Barack Obama came into office promising to change the face of America’s energy future with the use of Cleantech. He told us that we would be on the cutting of new energy technology, dubbed Cleantech by the media.
Then the Obama administration went out and committed $150 billion in loans, grants and tax breaks to the new technology. Many of the company names may not be familiar to most Americans: Abound Energy, Beacon Power, Fisker, V.P.G., Range Fuels, Ener1, A123 and ECOtality.
However, these companies received an ocean of cash from our government in the hope that they could benefit the American people. But instead of a brave new world of clean energy technology the American taxpayers got a bunch of bankruptcies scattered across the energy technology landscape.
We had Solyndra, the text book case on how not to build a company. Solyndra received over half a billion dollars in loans for a product that was undercut by Chinese competition in short order. They were soon in bankruptcy.
Other technology companies like LG Chem built facilities and ramped up production when there was no market for their products. The plant was built with $151 million from the stimulus to make batteries for electric cars that people never bought.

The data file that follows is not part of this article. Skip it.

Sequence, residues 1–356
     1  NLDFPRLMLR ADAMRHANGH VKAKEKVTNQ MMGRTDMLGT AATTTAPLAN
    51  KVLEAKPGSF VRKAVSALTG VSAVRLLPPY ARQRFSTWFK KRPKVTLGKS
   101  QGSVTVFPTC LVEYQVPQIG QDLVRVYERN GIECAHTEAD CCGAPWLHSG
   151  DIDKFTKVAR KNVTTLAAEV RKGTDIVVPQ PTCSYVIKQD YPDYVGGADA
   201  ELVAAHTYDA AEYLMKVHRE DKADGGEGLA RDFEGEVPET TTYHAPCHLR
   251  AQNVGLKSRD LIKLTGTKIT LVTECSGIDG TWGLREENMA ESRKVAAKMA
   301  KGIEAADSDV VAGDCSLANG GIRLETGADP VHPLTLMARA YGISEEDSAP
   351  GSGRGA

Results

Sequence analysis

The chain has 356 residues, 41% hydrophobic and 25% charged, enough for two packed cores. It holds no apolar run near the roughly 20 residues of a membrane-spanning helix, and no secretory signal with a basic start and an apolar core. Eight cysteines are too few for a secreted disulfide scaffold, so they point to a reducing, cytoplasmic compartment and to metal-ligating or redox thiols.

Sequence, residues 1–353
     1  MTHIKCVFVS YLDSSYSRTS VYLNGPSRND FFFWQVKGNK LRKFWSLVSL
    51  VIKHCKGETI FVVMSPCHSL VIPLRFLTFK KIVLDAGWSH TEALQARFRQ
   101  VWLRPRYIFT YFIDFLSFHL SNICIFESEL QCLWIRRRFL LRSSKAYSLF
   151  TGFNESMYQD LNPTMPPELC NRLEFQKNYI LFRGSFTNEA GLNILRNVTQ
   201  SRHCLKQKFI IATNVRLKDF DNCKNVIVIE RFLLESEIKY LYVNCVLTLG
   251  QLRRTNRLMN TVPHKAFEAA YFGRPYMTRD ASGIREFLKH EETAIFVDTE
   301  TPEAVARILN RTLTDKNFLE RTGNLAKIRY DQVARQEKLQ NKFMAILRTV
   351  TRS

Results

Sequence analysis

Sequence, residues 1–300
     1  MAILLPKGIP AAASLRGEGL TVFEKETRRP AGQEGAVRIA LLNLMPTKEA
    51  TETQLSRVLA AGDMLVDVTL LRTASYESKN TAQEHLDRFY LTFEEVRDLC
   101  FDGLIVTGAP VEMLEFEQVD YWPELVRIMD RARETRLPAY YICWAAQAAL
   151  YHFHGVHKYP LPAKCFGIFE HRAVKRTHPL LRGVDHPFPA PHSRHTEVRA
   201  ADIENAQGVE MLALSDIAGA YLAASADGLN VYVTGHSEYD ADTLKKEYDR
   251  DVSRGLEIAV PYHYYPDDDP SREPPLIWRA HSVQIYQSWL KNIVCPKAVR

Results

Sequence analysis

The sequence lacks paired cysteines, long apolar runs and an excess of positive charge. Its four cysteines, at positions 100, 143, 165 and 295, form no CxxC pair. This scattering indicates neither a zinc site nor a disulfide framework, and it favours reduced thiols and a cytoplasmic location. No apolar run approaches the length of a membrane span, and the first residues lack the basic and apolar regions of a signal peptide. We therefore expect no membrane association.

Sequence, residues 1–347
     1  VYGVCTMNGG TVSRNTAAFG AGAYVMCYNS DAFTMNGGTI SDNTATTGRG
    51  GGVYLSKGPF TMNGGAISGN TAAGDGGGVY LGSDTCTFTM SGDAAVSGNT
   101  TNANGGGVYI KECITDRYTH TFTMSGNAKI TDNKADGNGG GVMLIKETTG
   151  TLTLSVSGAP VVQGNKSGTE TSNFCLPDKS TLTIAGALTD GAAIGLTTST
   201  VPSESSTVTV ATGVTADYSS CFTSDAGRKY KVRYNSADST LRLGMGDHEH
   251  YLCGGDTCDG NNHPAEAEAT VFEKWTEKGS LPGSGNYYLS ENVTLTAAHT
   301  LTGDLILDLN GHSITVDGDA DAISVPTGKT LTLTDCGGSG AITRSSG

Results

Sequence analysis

The American taxpayers gave half a billion in loan guarantees to Fisker, an electric car startup who promised to build their plant in Delaware. The plant was never built and Fisker is now bankrupt.
We all know that new technology investments can be risky and problematic. How many times did Thomas Edison fail to make a working light bulb? Edison tried over 10,000 different substances in making the filament of an incandescent lightbulb until he found one material that worked and was economical.
The Obama Cleantech failures are understandable in the light of progress but a different picture has emerged as people have dug deeper into the companies that were involved.
Many of the investors who were involved were Obama campaign contributors. They traded campaign contributions for government subsidies, loans and grants. Solyndra was a prime example. We’ve written about it here, here and here.
They essentially took the money and ran. And if they couldn’t run they got huge tax write-offs for their personal losses. Meanwhile, the government continues to dole out cash in a hope that something positive will come out of the avalanche of cash.
Well, some benefit seems to have come out of the Energy Department’s largesse. With the increasing availability of natural gas, more and more Cleantech companies went bankrupt where they bought up by the opportunistic Chinese at fire sale prices.
One such company is Wanxiang and its opportunistic CEO Pin Ni. They were able to buy six Cleantech companies so far, including A123, an electric car battery startup that lost over 130 million tax dollars.
Wanxiang currently has 27 plants in 13 states and some 6,000 American workers. Pin Ni says every third car made in the U.S. has Wanxiang parts.
So what’s wrong with a Chinese company, or any foreign company, taking advantage of an opportunity that the American taxpayers originally financed and employing thousands of American workers? You decide.